By Doug Ankerman

Nothing up my sleeve! It is magic I tell ya!

Magic how a disease like multiple sclerosis works from the inside-out. Hiding your symptoms from those around you.

MS uses deceptive tricks to mask your illness, prompting some to ask the dreaded, cringe-worthy question…

“But you look so good?”

Everyone has a hidden MS symptom…Or two…Or ten.

Mine is spasticity. Spasticity of my legs mostly.

Invisible SpasticityOften my legs are stiff as boards. Like a pair of wooden 2x4s sticking out of my pants. With a rusty hinge for each knee.

Termites do a double-take thinking I’d be an easy lunch.

My herky-jerky gait makes the walking dead move like Baryshnikov.

So I sit mostly, quietly keeping my spasticity to myself.

Without sharing my back-story, others would hardly know a harpist could pluck “Clair de Lune” on my hamstrings. Or how my calves are like balled-up fists that never open.

Thankfully many of the hidden symptoms of multiple sclerosis have effective treatment options. Spasticity included. I take Baclofen tablets three-times daily and also have tremendous benefit of getting Botox injections in my legs every three months.

Invisible SpasticityMy B&B routine (Botox and Baclofen) as well as a steady regimen of daily stretching and exercise works magic to soothe spasticity — my hidden and most troublesome MS symptom.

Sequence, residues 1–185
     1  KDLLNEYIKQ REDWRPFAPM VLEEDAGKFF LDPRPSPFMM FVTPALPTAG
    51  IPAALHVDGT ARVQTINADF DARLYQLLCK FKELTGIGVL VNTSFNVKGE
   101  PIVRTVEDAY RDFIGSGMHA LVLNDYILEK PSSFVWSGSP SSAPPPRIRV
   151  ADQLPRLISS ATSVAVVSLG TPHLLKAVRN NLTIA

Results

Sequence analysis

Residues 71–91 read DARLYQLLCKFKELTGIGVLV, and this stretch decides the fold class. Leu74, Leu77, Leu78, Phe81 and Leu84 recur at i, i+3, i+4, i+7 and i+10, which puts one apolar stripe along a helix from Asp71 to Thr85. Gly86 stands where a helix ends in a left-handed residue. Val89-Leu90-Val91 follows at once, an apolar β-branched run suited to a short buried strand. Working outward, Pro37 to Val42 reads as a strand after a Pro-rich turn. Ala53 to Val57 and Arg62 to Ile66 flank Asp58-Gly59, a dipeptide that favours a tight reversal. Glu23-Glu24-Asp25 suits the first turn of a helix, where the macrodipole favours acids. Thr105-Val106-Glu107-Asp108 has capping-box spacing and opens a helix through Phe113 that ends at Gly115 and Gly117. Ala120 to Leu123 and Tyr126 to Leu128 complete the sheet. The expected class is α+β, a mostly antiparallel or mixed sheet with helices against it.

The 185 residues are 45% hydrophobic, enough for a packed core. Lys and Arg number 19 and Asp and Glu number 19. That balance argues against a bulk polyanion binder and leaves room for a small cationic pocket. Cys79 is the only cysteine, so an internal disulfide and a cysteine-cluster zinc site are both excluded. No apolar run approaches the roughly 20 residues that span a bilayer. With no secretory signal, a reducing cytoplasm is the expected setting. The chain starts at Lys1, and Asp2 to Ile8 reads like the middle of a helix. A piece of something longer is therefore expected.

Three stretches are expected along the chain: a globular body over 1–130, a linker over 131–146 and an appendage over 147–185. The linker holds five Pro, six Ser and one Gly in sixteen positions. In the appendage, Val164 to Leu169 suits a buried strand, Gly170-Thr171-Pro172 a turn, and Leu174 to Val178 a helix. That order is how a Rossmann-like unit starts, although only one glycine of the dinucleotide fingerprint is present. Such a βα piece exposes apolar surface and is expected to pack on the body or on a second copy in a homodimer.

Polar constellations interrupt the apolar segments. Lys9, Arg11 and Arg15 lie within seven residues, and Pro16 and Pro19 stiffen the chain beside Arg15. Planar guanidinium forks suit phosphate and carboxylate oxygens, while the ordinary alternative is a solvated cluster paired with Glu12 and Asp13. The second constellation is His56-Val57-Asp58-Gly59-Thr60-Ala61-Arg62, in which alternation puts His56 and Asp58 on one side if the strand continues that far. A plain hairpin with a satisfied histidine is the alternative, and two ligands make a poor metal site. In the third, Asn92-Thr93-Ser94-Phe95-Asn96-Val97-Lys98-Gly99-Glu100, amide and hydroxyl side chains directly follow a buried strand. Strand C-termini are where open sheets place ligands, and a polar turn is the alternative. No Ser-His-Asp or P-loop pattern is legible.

Now for my next trick, I’m hoping you find treatment for yours.

*Doug writes nonsense about MS and other stuff on his humor blog at myoddsock.com.

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About MSAA

The Multiple Sclerosis Association of America (MSAA) is a national nonprofit organization and leading resource for the entire MS community, improving lives today through vital services and support. MSAA provides free programs and services, such as: a Helpline with trained specialists; award-winning publications, including, The Motivator; MSAA’s nationally recognized website, featuring educational videos, webinars, and research updates; a mobile phone app, My MS Manager™; safety and mobility equipment products; cooling accessories for heat-sensitive individuals; MRI funding; My MSAA Community, a peer-to-peer online support forum; MS Conversations blog; a clinical trial search tool; podcasts; and more. For additional information, please visit www.mymsaa.org or call (800) 532-7667.

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